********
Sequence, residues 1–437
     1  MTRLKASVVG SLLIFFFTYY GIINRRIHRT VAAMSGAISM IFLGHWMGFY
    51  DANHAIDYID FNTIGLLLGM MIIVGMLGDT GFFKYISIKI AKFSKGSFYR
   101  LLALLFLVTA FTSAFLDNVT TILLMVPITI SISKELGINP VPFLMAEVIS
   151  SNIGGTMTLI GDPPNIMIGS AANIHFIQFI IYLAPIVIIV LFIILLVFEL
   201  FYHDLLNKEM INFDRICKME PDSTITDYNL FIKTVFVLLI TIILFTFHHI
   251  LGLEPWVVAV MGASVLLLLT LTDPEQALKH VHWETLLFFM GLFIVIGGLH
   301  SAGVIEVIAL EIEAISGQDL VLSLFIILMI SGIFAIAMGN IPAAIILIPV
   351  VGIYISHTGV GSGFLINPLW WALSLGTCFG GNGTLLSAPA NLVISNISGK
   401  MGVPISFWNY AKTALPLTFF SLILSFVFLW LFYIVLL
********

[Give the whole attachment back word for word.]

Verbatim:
Sequence, residues 1–437
     1  MTRLKASVVG SLLIFFFTYY GIINRRIHRT VAAMSGAISM IFLGHWMGFY
    51  DANHAIDYID FNTIGLLLGM MIIVGMLGDT GFFKYISIKI AKFSKGSFYR
   101  LLALLFLVTA FTSAFLDNVT TILLMVPITI SISKELGINP VPFLMAEVIS
   151  SNIGGTMTLI GDPPNIMIGS AANIHFIQFI IYLAPIVIIV LFIILLVFEL
   201  FYHDLLNKEM INFDRICKME PDSTITDYNL FIKTVFVLLI TIILFTFHHI
   251  LGLEPWVVAV MGASVLLLLT LTDPEQALKH VHWETLLFFM GLFIVIGGLH
   301  SAGVIEVIAL EIEAISGQDL VLSLFIILMI SGIFAIAMGN IPAAIILIPV
   351  VGIYISHTGV GSGFLINPLW WALSLGTCFG GNGTLLSAPA NLVISNISGK
   401  MGVPISFWNY AKTALPLTFF SLILSFVFLW LFYIVLL